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Discussion in 'Memory and Storage' started by kleinkinstein, Jan 7, 2013.
What does an SSD's MTBF mean for you?
I knew exactly what it meant. Obviously, you did not.
For me the MTBF doesn't mean a thing, whether platter or SSD. For SSD I do look around to see if there are widespread issues, and if they have been fixed with a newer firmware release. Otherwise I look at the performance/$ ratio and nothing more.
If you assume a constant failure rate and continuous usage, you can convert MTBF to average annual failure rate (AFR) with this formula:
AFR = 1 - e^( -8760 hours / MTBF in hours )
So, for example, MTBF of one million hours corresponds to an average annual failure rate of 0.87% , meaning that if you had one thousand devices running for a year, you would average 8.7 failures in that year (assuming you immediately repaired or replaced any failures to keep the total operational count at 1000).
However, this type of analysis is so simplistic as to be almost useless for typical consumers to compare SSDs (or HDDs). One reason is that the actual failure rate probably follows a bathtub curve, with higher failure rates at the beginning of life, and higher again at end of life. So this analysis is only valid during the middle of life. But many consumers are probably interested in failures during the beginning of life period, not just the flat part of the bathtub curve.
Worse is that MTBF numbers are determined using a highly controlled environment. For example, a number of SSDs may be exposed to a certain workload, connected to certain hardware, at a certain temperature, and then run until a specified number of hours (or failures) have occurred, and that data is then used to compute MTBF. But this obviously does not include failures that may be the result of different workloads or use with different hardware.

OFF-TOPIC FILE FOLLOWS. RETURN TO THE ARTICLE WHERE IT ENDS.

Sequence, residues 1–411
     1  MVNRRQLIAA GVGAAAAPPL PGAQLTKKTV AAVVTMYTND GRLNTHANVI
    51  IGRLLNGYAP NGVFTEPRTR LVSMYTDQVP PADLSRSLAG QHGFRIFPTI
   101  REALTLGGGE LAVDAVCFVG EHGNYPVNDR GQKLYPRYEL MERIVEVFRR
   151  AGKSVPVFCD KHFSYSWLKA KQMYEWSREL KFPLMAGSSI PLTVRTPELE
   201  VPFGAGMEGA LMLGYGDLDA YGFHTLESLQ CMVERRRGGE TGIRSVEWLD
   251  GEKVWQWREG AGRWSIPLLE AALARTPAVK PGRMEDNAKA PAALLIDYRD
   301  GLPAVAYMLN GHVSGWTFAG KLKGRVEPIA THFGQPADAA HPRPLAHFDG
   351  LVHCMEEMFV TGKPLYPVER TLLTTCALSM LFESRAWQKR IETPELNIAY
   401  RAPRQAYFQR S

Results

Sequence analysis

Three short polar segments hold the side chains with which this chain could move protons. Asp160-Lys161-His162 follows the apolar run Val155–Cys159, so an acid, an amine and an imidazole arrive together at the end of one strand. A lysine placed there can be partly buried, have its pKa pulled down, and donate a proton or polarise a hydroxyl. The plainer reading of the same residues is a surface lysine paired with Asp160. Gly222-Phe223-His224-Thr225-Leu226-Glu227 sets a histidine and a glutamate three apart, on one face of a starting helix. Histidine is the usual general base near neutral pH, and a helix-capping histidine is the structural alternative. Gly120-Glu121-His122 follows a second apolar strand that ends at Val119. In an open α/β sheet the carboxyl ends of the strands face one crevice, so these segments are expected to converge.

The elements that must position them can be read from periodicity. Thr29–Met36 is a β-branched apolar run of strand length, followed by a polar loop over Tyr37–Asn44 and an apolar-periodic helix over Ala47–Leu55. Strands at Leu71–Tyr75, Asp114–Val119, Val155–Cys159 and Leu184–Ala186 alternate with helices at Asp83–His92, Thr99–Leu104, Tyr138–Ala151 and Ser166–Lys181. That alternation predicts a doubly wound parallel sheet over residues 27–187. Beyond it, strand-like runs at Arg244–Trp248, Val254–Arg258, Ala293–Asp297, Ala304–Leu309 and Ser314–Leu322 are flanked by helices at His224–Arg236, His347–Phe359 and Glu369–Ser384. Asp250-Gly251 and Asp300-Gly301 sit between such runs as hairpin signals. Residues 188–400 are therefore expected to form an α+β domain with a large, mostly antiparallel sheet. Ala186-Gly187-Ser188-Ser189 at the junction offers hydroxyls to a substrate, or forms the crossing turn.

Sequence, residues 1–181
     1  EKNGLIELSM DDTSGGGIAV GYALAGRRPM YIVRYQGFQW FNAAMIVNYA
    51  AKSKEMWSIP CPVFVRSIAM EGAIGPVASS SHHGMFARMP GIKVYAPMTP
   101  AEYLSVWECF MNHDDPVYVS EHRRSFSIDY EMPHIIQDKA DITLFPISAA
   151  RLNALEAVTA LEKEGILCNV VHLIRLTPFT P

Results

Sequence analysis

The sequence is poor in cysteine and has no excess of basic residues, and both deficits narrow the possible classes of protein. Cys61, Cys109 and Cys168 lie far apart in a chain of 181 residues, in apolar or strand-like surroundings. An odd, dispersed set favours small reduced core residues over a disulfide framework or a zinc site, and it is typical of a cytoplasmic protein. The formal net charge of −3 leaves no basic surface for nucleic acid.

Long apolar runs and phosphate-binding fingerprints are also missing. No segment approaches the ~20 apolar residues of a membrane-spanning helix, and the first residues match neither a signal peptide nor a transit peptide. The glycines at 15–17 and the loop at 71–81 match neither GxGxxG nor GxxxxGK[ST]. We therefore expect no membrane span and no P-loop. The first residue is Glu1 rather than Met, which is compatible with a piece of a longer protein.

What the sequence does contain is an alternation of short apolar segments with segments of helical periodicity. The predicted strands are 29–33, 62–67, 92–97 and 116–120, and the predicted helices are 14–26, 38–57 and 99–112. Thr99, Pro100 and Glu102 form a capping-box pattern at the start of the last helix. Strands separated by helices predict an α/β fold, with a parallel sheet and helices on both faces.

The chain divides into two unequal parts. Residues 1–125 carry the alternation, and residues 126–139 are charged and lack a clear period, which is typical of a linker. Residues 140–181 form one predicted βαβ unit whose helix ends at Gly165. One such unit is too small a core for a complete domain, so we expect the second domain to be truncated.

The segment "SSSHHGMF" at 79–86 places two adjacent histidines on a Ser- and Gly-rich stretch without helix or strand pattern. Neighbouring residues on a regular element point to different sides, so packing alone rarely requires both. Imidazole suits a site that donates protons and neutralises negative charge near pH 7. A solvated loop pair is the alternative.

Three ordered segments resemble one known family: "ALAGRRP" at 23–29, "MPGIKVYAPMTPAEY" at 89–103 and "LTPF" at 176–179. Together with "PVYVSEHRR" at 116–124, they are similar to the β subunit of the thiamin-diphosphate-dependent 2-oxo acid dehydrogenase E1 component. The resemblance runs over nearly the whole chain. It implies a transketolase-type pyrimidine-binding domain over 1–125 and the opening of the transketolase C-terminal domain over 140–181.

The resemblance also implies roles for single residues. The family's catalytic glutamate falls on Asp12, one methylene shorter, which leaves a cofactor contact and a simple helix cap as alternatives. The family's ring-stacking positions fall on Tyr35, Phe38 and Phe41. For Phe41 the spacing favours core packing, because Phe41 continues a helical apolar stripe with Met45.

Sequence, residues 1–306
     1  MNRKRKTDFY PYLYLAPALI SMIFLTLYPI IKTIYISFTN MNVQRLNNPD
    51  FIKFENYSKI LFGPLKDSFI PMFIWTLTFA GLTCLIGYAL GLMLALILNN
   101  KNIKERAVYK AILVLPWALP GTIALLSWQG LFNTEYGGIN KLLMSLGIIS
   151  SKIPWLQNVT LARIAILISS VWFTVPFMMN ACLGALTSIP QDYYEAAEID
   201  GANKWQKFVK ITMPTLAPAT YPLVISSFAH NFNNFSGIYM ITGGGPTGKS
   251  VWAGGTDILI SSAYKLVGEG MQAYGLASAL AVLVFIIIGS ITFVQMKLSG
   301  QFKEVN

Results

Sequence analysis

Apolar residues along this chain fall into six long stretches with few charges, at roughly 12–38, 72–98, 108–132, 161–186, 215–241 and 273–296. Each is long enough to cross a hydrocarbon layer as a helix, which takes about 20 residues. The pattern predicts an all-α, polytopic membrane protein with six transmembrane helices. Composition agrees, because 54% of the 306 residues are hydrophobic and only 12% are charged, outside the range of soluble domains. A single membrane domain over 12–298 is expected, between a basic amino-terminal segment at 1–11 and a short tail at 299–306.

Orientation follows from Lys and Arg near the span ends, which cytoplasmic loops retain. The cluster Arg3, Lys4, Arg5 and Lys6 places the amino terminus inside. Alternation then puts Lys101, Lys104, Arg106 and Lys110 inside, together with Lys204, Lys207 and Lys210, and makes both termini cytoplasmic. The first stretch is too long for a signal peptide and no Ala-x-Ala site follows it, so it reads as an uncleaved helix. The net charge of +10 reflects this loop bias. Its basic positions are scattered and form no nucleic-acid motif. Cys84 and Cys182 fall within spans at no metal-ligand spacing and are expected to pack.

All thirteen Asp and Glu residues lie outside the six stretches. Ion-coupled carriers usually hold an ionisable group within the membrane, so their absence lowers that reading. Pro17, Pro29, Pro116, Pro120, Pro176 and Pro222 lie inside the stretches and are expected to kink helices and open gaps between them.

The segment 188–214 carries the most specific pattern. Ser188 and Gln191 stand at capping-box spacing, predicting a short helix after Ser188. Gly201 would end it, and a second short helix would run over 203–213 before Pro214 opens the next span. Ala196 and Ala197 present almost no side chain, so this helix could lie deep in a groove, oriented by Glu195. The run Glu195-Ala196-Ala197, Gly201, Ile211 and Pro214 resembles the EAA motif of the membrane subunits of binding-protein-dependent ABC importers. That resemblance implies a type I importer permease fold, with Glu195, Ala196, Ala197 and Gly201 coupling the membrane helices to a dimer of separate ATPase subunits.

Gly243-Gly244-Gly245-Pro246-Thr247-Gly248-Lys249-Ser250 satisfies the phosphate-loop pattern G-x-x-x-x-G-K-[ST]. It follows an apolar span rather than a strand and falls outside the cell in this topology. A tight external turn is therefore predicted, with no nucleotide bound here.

Even worse is that different manufacturers use different techniques to determine MTBF, and the details are rarely specified.
So comparing MTBF numbers given by SSD manufacturers is not likely to yield any useful information.
So if you have decided that MTBF is a useless piece of data why have you created a thread to ask us what we think when directed to a definition of it?
MTBF values aren't calculated through a publicly available agreed upon and universally adhered to method.
Fuzzy math is used as well as "product family" based "estimations". In effect MTBF means nothing at all but the rambling of marketers.
MTBFs are exaggerated for HDDs and perhaps less so for SSDs because I don't live in a clean room or even a server room. Since SSDs don't have moving parts, I suppose a dusty room won't matter as much.
Excellent reply. Thanks for sharing!
As observed by many very large users who source a variety of drives. In any given year, for any given HDD drive on the market with 1.4 million MTBF (claimed), the failure rate varies between 5 and 10%/year for any given year (yes, bathtub curve, with a min of 5% on good years).
The exception are individual models with a defect in design for which failure rate is much much higher. (such models have been released by all companies at one point or another)
Furthermore, for some reason such defective models come with the exact same claimed 1.4 million hours MTBF... [sarcasm]Why... its almost as if marketers slap it on them without actually having run quality tests and calculating a figure![/sarcasm]
MTBF may be useful for large volume users to negotiate prices or other terms. You can be sure such large volume users have very accurate models of MTBF internally.
This may be bit divert from parent thread but related.
I find 2 factors on reliability mentioned separately everywhere: Uber and MTBF.
How can we correlate uber and MTBF for SSD's and in turn AFR?